Spirit of the season? Call me The Grinch, but people are dying — mothers are losing sons, children are losing fathers, for ever.

I have read numerous commentaries in recent times speaking to what is believed to be the root cause of the violence that has turned an idyllic paradise into a hunting ground — at least in certain demographics. The most common denominator appears to be to lay the blame at the feet of the Government — but, sorry, I'm not having any of that. It's just not on.

It is such a cop-out to blame today's elected leaders, or those from a bygone era — the United Bermuda Party — for the ills that are tarnishing Bermuda's reputation, namely young men arming themselves with weapons and ending the lives of other young men. The Government might have a lot to answer for, but accessory to first-degree murder surely is not one of them.

Bermuda needs look no farther than a very small minority that is responsible for a statistic — four shooting deaths in a month — that, per capita, would rank the island among the worst of the worst over such a time span. They call themselves gangs, but in reality they are groups of thugs that have been unwittingly glorified by the media.

I refuse to categorise these criminal groups by name, thus affording them an ill-deserved status, and would urge all media outlets to do likewise henceforth. For to do so tars with the same brush the many innocents who live in these areas, and that is unfair, leading no doubt to some of the discontent over the authorities' inability and perceived unwillingness to make their neighbourhoods safe.

Having spent most, if not all, of my youth in such neighbourhoods, I can say categorically that these gangs do not represent me. Nor do they represent the majority of young men, black or otherwise, from similar backgrounds, who have gone on to become productive members of society. Their motives are self-serving, plain and simple, and that is to get what they believe is due to them by any means necessary, as quickly as possible and with as little of the personal sacrifice of hard graft that is generally instilled from an early age. And be damned anyone who stands in their way.

The removal from society of the hardcore element and possible rehabilitation of those only so recently drawn into a life of misdeed have to be at the top of the Government's list of priorities. The longer this takes and the higher the death toll rises, the greater the likelihood that failing public confidence will be at irreparable risk.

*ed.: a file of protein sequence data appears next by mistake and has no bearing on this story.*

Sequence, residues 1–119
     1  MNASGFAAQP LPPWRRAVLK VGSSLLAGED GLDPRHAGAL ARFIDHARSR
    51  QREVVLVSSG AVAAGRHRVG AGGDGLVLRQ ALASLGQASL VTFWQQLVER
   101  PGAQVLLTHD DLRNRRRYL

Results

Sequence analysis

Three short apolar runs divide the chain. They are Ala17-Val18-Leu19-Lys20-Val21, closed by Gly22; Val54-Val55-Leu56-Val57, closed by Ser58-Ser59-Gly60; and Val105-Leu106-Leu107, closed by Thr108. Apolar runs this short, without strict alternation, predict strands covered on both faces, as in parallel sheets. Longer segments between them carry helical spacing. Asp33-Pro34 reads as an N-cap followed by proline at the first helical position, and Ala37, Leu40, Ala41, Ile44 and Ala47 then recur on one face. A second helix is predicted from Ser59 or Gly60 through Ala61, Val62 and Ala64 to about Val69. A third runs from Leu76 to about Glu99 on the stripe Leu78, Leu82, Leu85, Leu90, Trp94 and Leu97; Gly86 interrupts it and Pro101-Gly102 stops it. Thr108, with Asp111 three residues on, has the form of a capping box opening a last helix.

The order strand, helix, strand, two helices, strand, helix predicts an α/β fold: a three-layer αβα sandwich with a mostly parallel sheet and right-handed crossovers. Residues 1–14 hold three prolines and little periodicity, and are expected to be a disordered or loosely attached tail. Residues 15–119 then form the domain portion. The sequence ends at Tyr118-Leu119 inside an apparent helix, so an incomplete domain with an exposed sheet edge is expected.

As I write, the island should be under a state of emergency. If not, why not?

It is encouraging that members of the public have shown the initiative to reclaim their communities by organising peaceful protest against the violence. That I agree with wholeheartedly. But I am not in favour of opening dialogue with these criminals. And I do not believe in the illusion of a ceasefire, because when you take away the “cease”, we all know what we are left with, as the family of Perry Puckerin Jr learnt to their horror this week.

If the Police are to be as vigilant as I would hope, I would implore my fellow Bermudians to show patience and understanding in the face of tactics designed to rid the island of this most vile of cancers. Failing that, there may be little option but to call in external support. Then, it might be anything goes: heavens forbid, the suspension of habeas corpus and a form of martial law.

Let's hope that we can rise above that. Rise above, Bermuda.

May God bless you and be with you in these difficult and trying times.

Sense of sorrow: the scene after Friday night's fatal shooting of Morlan Steede in Pembroke (photograph by Blaire Simmons)

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Published November 06, 2017 at 8:00 am (Updated November 06, 2017 at 3:17 pm)

Progress seen only in rising murder count